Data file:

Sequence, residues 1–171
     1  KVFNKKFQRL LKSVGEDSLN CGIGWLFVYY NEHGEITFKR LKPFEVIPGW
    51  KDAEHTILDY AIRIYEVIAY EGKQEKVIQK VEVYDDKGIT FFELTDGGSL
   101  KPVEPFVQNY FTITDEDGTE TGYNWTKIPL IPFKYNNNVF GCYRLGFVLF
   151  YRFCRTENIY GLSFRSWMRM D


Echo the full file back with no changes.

Sequence, residues 1–171
     1  KVFNKKFQRL LKSVGEDSLN CGIGWLFVYY NEHGEITFKR LKPFEVIPGW
    51  KDAEHTILDY AIRIYEVIAY EGKQEKVIQK VEVYDDKGIT FFELTDGGSL
   101  KPVEPFVQNY FTITDEDGTE TGYNWTKIPL IPFKYNNNVF GCYRLGFVLF
   151  YRFCRTENIY GLSFRSWMRM D